Sales and marketing both have common objectives in the pursuit of revenue: creating competitive advantage and increasing perceived value. Without these, the company’s offerings slide into the slimy pit of commodities, decreasing win rates and profit margins.
How can you build competitive advantage and communicate value? In Revenue Growth Engine, I recommend that you think strategically about the experience you provide your ideal clients before and after they become clients.
In The Experience Economy, Competing For Customer Time, Attention, and Money, Pine and Gilmore recommend looking at your company as a stage and your team as actors. In this model, the script is your sales and marketing processes.
In show businesses, compelling scripts get turned into profitable movies and plays. Boring scripts get rejected.
What about your sales and marketing processes? Would the script you have written for prospects and clients capture the attention of your clients? Or, would the script get ignored?
Let’s face it. If a company has documented sales and marketing processes (many don’t have them but should) most of them are boring.
How can you turn sales and marketing processes into an interesting script that captures attention and builds value? Here are a few ideas.
What are the goals of the process? List out the results you want to achieve. For example, if it is a prospecting process, the goal is likely an appointment. With your onboarding process, the goals may include reducing buyer's remorse and setting the stage for cross-selling. If you are mapping out a periodic business review process, the goal may be to set a meeting to cross-sell an additional product or service.
The next step is to map out the sales or marketing process. (In Revenue Growth Engine I describe four types of revenue processes along with ideas for each of the four areas.) What are the high-level steps to move the prospect or client from where they are now to where you want them to go?
Now, I know some of you may be thinking, “Isn’t this a bit touchy-feely here Darrell?” Yes, it absolutely is. Why? Because buying decisions are always emotional. Even the most logical of buyers want the facts because they are afraid (emotion!) of making a bad decision. Even if you say, “They only care about the bottom line or ROI,” I would challenge you to go a level deeper and ask WHY they care about the bottom line. I guarantee there is an emotion involved.
At each stage of the process, what is the client feeling? What do you want them to feel? You might write down some descriptive words like confident, curious, or hopeful. You could also write a sentence describing how you want them to feel: “I’m curious about this company. They seem to understand what we are going through and have helped other people I know. I wonder how this could help?”
Negative emotions block sales. The biggest one is fear. Prospects are afraid of the business and the personal effects of making a bad decision. New clients suffer buyer’s remorse, afraid that they made a bad choice. Current clients fear that they are not getting what they wanted. Renewing clients are afraid they may be missing out.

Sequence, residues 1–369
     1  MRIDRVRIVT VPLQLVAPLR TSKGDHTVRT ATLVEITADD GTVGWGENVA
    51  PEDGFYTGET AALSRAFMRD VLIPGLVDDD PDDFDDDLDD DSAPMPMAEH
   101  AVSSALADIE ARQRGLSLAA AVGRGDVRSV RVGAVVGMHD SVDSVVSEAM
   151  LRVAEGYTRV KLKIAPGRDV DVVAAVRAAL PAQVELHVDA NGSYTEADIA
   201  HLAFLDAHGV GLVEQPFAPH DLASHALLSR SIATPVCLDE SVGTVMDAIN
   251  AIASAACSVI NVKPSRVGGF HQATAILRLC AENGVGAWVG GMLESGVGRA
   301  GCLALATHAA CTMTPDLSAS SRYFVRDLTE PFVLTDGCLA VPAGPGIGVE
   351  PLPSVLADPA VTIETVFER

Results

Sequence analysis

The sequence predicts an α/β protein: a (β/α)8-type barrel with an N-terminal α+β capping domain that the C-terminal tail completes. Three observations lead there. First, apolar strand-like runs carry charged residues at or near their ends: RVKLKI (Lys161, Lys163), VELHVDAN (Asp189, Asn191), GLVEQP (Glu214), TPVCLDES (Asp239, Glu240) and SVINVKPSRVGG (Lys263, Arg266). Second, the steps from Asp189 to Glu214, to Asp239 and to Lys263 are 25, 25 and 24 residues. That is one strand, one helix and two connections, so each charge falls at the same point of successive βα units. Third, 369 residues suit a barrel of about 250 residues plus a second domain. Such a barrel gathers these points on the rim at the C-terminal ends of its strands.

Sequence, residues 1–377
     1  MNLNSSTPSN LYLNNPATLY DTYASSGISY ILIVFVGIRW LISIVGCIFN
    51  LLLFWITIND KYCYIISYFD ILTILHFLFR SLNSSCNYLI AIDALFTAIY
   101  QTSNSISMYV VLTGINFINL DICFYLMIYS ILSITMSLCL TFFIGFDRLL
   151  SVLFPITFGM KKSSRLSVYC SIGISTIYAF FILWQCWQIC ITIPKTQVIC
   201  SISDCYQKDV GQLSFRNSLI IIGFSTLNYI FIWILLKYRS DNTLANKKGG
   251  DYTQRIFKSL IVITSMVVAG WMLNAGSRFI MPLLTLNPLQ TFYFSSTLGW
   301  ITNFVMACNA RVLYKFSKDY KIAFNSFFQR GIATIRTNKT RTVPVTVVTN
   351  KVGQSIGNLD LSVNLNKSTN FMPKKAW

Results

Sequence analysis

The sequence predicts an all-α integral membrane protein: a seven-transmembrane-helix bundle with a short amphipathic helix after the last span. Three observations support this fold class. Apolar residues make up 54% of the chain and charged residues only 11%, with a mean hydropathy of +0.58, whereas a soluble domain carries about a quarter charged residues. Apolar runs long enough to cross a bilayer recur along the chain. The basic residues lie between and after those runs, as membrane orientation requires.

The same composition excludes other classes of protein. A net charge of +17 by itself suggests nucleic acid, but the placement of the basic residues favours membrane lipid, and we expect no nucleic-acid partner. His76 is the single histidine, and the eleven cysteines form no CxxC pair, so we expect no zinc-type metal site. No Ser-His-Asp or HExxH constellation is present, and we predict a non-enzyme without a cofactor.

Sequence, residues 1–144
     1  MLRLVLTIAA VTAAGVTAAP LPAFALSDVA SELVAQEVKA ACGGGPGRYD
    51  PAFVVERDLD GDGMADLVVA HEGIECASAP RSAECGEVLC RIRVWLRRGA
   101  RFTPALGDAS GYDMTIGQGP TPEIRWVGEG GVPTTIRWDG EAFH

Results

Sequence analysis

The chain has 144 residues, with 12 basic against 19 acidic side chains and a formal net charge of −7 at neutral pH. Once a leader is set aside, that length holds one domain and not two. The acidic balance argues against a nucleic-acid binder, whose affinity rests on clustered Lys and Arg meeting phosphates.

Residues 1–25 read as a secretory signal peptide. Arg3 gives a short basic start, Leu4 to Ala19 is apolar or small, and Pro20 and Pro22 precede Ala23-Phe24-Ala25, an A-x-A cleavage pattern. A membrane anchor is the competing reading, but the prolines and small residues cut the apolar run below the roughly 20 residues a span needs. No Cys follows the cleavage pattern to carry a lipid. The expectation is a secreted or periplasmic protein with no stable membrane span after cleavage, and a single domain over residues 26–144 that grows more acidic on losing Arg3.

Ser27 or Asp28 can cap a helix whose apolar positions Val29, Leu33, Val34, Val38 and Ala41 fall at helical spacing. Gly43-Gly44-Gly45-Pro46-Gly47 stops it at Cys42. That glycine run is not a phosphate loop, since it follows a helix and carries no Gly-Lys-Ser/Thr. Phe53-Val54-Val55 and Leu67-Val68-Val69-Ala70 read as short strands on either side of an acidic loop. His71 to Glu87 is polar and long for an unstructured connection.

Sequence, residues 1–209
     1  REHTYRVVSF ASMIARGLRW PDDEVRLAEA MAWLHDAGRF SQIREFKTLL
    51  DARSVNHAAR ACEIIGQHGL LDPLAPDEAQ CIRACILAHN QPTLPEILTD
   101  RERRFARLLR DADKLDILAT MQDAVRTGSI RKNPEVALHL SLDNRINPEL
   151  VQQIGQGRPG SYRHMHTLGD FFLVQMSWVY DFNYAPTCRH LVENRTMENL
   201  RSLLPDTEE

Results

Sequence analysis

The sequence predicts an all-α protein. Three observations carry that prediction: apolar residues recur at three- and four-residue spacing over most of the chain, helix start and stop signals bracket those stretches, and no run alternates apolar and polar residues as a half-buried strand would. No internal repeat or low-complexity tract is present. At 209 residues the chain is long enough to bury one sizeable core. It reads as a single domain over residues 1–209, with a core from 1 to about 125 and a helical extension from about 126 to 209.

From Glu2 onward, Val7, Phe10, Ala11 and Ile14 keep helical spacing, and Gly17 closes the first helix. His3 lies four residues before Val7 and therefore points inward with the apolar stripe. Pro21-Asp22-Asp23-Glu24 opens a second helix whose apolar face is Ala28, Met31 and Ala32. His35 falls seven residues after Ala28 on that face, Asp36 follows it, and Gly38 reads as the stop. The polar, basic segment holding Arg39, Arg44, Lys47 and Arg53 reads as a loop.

There are other negative feelings related to fear: uncertainty and doubt. Can this company really do what they say they can?
At each stage of the process, what are the negative emotions we need to avoid? Write these down.
Now, think about how you can create the emotions you want at each stage of the process.
In the book, Sell It Today, Sell It Now, Tom Hopkins shows how the job of salespeople is to reduce buyer resistance and increase buyer acceptance. He gives a framework for salespeople to reduce negative emotions and build positive emotions. This mindset works well for all of your sales and marketing processes.
What can you do at each stage of the process to build positive emotions and reduce negative emotions? Some of this is related to sharing facts: data, articles, case studies, success stories. Other parts are related to flair: pleasant surprises, packaging, SWAG. Combined, these can be used to create a compelling script that builds positive emotion and reduces negative emotion, helping the prospect or client comfortably move forward to the next step.
At each stage of the sales or marketing process, write out the screenplay. What happens? What does the client experience? You can literally write this out as if it were a story. (I model this in chapter 3 of Revenue Growth Engine where we present a fictional story of a prospect as if they were writing the story of their experience of our company.
A movie or play requires props for the story. Your sales and marketing processes require props as well. In the business world, we call this content: marketing assets and sales collateral. It could also include packaging or gifts. What needs to be built to support the script?
Processes need to be consistent and predictable. Look at your process and consider how you could leverage sales enablement and marketing automation technology to make the experience consistent.
Add all of this together and you have created a process. However, it’s more than a stale marketing map. It is a movie script strategically designed to build positive emotions and reduce negative emotions. This increases competitive advantage and perceived value, helping boost win rates and profits.
How could you make your sales and marketing processes more like a movie script? What could this mean to your win rates and profits?
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